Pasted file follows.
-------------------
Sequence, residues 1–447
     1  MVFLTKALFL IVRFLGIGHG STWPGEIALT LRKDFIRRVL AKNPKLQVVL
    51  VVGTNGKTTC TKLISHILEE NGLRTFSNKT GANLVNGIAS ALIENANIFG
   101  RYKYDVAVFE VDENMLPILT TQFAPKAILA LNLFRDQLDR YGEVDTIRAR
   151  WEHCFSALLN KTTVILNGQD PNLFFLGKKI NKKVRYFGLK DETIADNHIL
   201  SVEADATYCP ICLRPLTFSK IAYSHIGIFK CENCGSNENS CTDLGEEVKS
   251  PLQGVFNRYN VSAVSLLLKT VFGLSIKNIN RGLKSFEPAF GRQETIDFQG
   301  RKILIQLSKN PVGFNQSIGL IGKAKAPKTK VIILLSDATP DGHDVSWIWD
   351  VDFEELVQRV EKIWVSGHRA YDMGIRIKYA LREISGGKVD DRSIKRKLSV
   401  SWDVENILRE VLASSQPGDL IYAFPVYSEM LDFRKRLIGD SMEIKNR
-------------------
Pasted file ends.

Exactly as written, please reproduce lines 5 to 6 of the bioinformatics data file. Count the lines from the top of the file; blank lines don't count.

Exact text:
   151  WEHCFSALLN KTTVILNGQD PNLFFLGKKI NKKVRYFGLK DETIADNHIL
   201  SVEADATYCP ICLRPLTFSK IAYSHIGIFK CENCGSNENS CTDLGEEVKS